In many other countries, big waves of infections followed by vaccination meant that significant segments of their population have both natural immunity, and immunity from vaccination — with this outcome having come at the cost of many deaths, and in some cases, an overburdened healthcare system.
In Singapore, lots of us have the vaccine, but no past infection to confer us with that "best protection", which makes us Covid-naive.
How Covid-naive are we, actually?
How do Singapore's infections compare to other countries' rates?
Are we in fact — in Wong's words — "one of the most Covid-naive populations in the world"?
Here's a comparison of infection and fatality rates in Singapore (in red), some of the countries that Wong may have been referring to, as well as some countries closer to home, as of Oct. 1, 2021:
Singapore ranks 98th of 238 on the WHO's list, when countries/territories are ranked from least infections per 100,000 to most infections:
Singapore does better, however, if we are ranking countries from those which saw the lowest fatalities per 100,000, placing 40th in WHO's list:
It's important to note that the data is only accurate to the extent that countries are able to detect and report cases, of course.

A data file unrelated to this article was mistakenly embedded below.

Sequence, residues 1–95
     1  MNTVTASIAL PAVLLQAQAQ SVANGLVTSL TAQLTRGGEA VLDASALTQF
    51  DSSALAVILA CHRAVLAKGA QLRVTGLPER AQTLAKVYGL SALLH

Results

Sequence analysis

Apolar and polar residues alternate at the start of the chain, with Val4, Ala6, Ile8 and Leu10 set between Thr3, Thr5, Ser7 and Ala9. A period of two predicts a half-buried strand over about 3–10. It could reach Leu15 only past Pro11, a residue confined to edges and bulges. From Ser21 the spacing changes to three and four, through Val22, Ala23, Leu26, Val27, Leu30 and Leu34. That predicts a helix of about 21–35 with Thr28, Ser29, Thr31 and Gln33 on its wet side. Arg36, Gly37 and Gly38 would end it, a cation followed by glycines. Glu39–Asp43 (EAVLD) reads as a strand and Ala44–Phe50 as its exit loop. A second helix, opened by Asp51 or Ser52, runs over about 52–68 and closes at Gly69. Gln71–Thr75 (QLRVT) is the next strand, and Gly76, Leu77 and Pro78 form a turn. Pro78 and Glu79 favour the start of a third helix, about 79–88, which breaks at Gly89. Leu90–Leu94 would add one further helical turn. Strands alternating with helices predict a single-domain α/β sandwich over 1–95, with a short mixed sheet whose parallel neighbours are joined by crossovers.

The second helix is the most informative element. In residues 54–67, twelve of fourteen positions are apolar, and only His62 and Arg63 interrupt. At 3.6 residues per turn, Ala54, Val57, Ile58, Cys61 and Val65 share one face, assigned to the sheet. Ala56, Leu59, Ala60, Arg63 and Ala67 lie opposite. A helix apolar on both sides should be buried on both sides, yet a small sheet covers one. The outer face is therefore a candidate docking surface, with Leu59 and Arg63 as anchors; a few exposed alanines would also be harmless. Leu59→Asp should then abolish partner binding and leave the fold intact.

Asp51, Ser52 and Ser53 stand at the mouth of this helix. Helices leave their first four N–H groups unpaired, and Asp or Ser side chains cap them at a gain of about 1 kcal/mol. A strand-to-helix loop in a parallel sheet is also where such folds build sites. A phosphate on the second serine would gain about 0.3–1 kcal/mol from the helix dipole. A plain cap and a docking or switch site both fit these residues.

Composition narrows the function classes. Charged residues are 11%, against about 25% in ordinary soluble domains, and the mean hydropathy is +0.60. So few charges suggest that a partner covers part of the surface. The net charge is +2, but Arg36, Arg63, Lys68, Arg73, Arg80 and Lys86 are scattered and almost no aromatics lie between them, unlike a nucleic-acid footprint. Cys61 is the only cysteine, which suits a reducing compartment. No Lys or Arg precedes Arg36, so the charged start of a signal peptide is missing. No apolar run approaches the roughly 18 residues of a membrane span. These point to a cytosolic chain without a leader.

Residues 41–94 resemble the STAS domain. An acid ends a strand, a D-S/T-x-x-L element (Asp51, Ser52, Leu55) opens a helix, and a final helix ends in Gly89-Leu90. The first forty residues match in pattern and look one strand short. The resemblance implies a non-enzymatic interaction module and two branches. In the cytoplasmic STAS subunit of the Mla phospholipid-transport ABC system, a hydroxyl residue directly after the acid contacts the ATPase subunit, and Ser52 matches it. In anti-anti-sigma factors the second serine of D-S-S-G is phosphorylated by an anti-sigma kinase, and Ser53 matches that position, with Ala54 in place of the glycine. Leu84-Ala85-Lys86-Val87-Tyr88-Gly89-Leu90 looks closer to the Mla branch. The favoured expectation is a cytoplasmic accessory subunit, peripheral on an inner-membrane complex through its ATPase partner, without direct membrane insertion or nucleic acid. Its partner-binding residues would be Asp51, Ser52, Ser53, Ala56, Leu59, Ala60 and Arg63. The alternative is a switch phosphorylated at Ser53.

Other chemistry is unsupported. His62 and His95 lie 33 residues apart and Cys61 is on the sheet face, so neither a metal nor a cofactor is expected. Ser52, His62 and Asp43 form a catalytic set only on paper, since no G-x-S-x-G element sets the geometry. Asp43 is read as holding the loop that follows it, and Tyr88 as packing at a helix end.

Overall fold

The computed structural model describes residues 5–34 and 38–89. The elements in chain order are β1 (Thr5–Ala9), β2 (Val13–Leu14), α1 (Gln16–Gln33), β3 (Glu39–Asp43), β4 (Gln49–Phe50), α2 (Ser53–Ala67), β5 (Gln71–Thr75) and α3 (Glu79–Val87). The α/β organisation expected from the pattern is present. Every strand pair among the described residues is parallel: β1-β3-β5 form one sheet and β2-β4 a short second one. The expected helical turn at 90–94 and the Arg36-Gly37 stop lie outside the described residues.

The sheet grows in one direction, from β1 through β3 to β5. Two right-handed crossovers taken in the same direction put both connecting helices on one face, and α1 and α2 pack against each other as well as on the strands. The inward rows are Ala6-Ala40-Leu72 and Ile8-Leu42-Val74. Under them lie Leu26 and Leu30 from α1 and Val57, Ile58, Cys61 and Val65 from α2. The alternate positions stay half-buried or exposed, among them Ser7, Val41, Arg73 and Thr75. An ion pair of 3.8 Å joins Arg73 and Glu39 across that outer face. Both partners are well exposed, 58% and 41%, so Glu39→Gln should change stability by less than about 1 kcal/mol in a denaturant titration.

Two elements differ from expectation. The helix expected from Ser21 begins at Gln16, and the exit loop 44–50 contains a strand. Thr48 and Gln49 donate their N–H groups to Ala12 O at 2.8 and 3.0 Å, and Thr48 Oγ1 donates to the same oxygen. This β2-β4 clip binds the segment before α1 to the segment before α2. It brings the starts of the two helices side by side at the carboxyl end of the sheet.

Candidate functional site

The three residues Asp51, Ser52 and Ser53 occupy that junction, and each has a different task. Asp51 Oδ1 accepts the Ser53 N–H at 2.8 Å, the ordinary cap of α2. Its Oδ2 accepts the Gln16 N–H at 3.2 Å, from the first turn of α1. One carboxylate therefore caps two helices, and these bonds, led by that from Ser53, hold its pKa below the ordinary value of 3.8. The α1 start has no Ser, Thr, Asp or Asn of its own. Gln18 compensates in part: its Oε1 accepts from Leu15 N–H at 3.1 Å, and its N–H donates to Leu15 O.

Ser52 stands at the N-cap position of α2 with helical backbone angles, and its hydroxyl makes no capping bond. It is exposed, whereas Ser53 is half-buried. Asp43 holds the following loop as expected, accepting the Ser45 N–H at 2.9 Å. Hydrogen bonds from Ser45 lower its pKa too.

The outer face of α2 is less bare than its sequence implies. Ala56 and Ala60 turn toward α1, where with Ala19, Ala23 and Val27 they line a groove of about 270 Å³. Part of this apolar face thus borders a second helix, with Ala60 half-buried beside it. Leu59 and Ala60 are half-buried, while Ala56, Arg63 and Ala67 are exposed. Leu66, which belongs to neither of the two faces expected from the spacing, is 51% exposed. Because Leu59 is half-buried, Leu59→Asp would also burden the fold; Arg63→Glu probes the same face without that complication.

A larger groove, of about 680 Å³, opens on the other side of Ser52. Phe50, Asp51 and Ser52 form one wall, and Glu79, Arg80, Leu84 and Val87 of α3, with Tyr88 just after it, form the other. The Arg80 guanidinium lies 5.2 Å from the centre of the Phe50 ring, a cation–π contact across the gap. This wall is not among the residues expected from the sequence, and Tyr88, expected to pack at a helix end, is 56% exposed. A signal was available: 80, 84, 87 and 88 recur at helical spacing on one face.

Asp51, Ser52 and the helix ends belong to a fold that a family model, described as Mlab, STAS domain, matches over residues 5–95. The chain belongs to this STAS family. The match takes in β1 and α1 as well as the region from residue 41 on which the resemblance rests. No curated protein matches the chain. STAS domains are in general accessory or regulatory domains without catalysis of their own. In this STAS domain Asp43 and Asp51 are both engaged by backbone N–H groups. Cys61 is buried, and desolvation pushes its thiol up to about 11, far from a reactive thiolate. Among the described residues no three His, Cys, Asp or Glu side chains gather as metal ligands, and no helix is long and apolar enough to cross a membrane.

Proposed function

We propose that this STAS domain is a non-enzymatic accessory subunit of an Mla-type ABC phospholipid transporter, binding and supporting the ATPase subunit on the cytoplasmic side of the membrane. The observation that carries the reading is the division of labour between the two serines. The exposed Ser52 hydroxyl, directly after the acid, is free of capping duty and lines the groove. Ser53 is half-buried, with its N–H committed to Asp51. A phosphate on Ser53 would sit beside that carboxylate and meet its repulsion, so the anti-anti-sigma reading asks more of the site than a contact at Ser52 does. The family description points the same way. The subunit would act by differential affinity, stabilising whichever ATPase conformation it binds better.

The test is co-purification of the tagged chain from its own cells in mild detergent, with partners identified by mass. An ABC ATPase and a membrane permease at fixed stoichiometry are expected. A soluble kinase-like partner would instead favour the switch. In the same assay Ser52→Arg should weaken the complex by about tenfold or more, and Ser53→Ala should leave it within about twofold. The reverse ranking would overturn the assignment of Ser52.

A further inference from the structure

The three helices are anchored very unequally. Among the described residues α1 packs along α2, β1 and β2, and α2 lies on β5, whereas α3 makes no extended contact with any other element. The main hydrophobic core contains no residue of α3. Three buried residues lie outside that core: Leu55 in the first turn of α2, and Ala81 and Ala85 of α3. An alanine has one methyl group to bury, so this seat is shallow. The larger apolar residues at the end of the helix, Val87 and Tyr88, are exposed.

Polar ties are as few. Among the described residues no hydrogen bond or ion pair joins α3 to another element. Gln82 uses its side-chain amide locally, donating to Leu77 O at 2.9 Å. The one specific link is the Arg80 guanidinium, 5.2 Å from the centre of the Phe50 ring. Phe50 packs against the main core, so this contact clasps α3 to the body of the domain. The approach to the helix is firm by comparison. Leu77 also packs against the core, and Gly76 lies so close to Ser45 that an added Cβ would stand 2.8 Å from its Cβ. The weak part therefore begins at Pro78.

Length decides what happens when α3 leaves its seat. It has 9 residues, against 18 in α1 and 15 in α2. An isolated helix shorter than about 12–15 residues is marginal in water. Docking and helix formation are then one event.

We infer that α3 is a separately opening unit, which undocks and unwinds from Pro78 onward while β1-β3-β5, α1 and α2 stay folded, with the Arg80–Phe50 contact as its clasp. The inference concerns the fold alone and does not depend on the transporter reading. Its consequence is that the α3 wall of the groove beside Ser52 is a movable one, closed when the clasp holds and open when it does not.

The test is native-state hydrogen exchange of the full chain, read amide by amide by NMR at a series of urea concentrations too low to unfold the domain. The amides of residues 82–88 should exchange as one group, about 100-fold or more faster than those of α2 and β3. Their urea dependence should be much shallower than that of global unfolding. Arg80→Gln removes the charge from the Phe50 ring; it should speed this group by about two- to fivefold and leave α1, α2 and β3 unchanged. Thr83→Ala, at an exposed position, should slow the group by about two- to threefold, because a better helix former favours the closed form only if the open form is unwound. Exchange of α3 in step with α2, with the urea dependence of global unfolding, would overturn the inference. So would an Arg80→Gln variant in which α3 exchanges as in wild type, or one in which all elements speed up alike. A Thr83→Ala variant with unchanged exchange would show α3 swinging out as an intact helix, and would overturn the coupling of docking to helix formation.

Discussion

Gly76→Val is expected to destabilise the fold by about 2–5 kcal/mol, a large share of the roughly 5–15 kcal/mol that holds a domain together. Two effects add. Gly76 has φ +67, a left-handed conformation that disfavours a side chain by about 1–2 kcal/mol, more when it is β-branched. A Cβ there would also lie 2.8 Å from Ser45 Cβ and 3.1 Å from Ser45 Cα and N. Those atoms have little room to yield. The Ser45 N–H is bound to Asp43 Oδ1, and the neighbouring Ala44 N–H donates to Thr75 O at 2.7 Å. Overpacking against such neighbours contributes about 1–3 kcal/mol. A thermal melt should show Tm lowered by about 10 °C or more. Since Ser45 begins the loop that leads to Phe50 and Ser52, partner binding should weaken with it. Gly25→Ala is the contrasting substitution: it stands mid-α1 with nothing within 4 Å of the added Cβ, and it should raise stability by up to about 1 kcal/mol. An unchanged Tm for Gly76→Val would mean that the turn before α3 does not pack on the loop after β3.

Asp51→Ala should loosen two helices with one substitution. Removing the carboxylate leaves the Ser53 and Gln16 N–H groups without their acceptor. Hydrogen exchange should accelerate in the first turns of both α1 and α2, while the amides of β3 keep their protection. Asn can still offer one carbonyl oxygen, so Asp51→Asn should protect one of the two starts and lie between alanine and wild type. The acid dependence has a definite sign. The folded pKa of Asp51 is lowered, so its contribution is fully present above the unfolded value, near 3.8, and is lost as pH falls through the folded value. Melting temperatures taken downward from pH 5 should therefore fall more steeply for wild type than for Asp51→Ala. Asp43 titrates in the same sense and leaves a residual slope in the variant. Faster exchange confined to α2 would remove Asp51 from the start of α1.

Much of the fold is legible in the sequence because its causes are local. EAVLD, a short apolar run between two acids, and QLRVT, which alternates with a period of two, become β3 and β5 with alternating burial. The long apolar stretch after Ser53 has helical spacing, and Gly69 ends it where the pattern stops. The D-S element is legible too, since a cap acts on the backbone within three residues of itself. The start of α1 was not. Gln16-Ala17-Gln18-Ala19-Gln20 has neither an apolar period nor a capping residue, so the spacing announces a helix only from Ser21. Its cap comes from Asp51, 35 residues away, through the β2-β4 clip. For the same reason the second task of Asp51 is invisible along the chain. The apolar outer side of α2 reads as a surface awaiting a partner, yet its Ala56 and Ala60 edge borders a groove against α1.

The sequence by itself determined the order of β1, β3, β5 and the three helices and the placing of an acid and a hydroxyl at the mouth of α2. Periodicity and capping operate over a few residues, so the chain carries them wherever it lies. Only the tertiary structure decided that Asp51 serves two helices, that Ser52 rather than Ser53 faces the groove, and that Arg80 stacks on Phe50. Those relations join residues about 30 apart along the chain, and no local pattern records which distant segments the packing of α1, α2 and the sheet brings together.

It would be useful to bear in mind, however, that Singapore has conducted extensive testing operations whenever Covid-19 cases spiked, as well as for all close contacts of positive cases, meaning that the numbers are not likely to be seriously under-reported.
Singapore has also continued to insist on testing widely, with Wong's fellow MTF co-chair and health minister Ong Ye Kung explaining that Singapore would continue its practice of testing even asymptomatic cases, at the same Oct. 2 press conference.
Also, the data is only updated till Oct. 1, 2021, and the additional days since then could well push Singapore's infection and death rates higher than what the WHO data currently shows.
That being said, the fact that we are seeing unprecedented numbers now means that we are moving further and further from being Covid-naive.
But this also means that we are on the path to natural immunity, and closer to the lifting of restrictions and "normal" life, as far as possible.
More of what Wong actually said
If you want to read more, here's the fuller context of what Wong said: